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“People sleep peaceably in their beds at night only because rough men stand ready to do violence on their behalf.”- George Orwell. On any given night in your household, you might wake up at the sound of thunder cracking in a storm, or the wind howling in the trees outside your window. But what happens when you hear the sound of your door being broken down by a criminal? What do you do? Chances are, your first reaction might be to call the police. This has become common practice in our society today. However, how often do you hear a news story about a police officer shooting an unarmed suspect, and thus, igniting a massive protest. Such stories have been at the forefront of the nation’s attention, and, the news media’s attention. Yet, these court cases are always shrouded in mystery and heresy as the proceeding often disintegrate into a “he said she said” case. However, because of new technology, the public and grand juries alike will be able to see a police officer enforce the law and judge his action based on a small camera mounted on his torso. Police officers should be issued body cameras in order to protect the citizens, protect the police officers themselves, and protect the judicial process.
Body cameras on police have many advantages but one of the main reasons behind them is to protect the citizens against the risk of excessive force by a police officer. In light of the recent protests over the shootings of Michael Brown in Ferguson, Missouri and Eric Garner in Baltimore, Maryland, the public has become concerned about the conduct of police officers and the circumstances under which they exercise the use of deadly force. Obviously the advantage to having a camera mounted on an officer is that the public and the officer’s superiors can evaluate the recording, and have a clear account of the situation. The most important part of this would be that such a recording, after processing, would be a public record. This means that anyone could see and hear what actually happened in the moments leading up to an arrest or the shooting of a subject. For the citizen this means that they know what an officer says to them will be recorded and that leads to more civil exchanges between law enforcement and citizens (provided the citizens are civil in return). In fact, the city of Spokane, Washington has been implementing body cameras on police officer, and in an interview, Chief of Police Frank Straub said of the program when asked about the effect it would have on policing: “I think we’ll have a reduction in complaints. I think it will be good for both the community and the officers. Some of the mystery regarding police interactions will be gone because we will literally be able to say, “Let’s go to the videotape.””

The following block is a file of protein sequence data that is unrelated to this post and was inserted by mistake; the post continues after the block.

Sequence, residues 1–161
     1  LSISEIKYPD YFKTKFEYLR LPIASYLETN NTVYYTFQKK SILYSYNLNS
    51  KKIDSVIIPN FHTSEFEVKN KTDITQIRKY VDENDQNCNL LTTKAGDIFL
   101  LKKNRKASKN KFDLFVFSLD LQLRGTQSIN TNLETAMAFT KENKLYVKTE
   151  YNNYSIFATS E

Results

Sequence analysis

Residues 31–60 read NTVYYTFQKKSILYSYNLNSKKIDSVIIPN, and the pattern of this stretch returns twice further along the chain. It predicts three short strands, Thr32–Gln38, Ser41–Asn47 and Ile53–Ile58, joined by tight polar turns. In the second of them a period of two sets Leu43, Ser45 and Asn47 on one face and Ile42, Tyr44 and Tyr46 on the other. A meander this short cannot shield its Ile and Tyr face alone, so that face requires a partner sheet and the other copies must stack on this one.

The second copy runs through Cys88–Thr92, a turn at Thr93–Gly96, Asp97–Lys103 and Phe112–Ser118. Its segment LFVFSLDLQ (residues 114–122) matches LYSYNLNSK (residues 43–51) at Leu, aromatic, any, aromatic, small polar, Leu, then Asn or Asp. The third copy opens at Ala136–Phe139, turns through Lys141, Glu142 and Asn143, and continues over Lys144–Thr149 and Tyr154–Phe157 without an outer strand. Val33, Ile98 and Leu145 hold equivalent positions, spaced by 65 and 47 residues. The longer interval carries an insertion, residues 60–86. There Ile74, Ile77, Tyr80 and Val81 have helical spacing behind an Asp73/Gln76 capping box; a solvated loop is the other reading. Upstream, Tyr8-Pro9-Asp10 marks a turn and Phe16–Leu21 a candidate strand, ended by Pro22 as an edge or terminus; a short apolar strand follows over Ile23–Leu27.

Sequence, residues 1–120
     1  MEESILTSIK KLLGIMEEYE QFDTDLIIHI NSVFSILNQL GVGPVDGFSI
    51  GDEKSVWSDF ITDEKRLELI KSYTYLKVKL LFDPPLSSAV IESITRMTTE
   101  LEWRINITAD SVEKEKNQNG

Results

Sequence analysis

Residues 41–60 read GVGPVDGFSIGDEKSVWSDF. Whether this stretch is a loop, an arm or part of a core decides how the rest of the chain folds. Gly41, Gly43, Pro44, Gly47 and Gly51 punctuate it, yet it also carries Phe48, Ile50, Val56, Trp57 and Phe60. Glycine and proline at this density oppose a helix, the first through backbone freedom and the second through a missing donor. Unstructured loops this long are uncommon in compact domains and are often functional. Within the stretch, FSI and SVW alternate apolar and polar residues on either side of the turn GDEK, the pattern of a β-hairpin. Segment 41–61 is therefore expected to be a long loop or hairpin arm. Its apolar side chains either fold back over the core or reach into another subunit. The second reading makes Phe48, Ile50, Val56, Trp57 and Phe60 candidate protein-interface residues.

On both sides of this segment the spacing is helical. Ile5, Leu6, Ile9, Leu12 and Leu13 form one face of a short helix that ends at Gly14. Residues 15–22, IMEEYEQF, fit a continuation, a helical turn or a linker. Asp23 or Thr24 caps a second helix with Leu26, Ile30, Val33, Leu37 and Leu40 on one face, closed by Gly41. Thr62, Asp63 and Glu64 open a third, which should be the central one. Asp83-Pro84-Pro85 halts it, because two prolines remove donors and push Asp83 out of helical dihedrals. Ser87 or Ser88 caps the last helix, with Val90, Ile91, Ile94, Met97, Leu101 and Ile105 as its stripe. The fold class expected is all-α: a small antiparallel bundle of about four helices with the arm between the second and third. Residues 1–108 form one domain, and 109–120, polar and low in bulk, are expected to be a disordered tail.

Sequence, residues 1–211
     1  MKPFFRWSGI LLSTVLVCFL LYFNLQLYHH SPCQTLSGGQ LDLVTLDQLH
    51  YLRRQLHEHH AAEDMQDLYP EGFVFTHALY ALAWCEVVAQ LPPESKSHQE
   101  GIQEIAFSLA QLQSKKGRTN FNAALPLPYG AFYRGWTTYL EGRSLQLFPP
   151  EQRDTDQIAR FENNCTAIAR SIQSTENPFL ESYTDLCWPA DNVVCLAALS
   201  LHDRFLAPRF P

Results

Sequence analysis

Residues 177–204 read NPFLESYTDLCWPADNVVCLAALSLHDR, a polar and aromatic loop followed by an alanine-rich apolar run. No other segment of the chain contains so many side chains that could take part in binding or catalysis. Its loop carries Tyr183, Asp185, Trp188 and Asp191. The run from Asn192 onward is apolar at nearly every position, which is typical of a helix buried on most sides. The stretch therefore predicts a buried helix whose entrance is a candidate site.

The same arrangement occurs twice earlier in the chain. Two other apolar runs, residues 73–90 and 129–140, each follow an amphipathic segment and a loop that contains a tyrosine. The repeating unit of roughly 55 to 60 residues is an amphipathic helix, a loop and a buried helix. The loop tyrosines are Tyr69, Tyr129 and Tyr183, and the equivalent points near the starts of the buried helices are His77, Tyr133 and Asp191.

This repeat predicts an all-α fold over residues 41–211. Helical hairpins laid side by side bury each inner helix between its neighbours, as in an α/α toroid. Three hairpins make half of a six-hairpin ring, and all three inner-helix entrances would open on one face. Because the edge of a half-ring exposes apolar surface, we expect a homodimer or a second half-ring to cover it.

Many however have made several arguments the benefits body cameras have for citizens, but one argument in particular I found very interesting. In an article in Time magazine, Janet Vertesi, an assistant Professor of Sociology at Princeton University, argued that our judicial system should not value the recordings on body cameras because they can still be open to interpretation and it does not guarantee that justice will be served. While compelling, this is a non-argument as supporters of body cameras are not arguing that body cameras are a panacea that will solve every case of excessive force. Rather supporters of body cameras are simply advocating that body camera recordings would be valuable evidence in a trial. Vertesi used the example of the Rodney King case in 1991. In the case, a recording was taken of several white police officers beating Rodney King, an African American. When the case against the police officers was taken to court, the tape of the beating was taken and the officers in the video were acquitted of the charge of excessive force. The author uses this example to argue that body cameras will not cause justice, therefore they are not needed. The author seems not to understand how evidence works. Like anything in our criminal justice system, body camera recordings would be open to interpretation by everyone from the officer’s superiors to a judge and grand jury. The author of the article should remember that nothing can guarantee justice but an honest trial just as it says in the Constitution.